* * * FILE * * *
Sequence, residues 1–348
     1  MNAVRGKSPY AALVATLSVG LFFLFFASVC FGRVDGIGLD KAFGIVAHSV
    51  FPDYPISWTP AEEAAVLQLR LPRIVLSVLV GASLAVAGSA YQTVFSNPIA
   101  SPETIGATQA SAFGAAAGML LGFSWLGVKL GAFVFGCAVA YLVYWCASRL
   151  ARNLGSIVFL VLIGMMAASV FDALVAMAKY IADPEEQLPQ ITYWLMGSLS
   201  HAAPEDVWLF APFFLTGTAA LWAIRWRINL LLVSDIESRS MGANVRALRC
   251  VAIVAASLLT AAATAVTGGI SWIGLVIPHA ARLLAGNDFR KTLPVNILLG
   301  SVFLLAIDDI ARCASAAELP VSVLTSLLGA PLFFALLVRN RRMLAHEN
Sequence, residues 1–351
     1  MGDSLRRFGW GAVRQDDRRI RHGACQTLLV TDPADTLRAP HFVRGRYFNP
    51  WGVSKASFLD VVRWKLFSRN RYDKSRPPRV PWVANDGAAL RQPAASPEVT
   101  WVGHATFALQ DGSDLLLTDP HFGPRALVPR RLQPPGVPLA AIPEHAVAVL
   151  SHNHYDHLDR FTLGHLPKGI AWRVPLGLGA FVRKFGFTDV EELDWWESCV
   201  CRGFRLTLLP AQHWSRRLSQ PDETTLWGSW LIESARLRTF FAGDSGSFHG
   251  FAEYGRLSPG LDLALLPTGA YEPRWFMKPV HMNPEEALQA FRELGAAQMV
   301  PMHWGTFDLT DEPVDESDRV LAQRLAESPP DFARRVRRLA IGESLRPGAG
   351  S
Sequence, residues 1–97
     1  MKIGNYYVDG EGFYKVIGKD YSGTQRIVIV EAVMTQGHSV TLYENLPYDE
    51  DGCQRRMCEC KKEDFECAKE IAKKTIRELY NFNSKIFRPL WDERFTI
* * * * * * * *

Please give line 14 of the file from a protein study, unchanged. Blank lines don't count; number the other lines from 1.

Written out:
   201  CRGFRLTLLP AQHWSRRLSQ PDETTLWGSW LIESARLRTF FAGDSGSFHG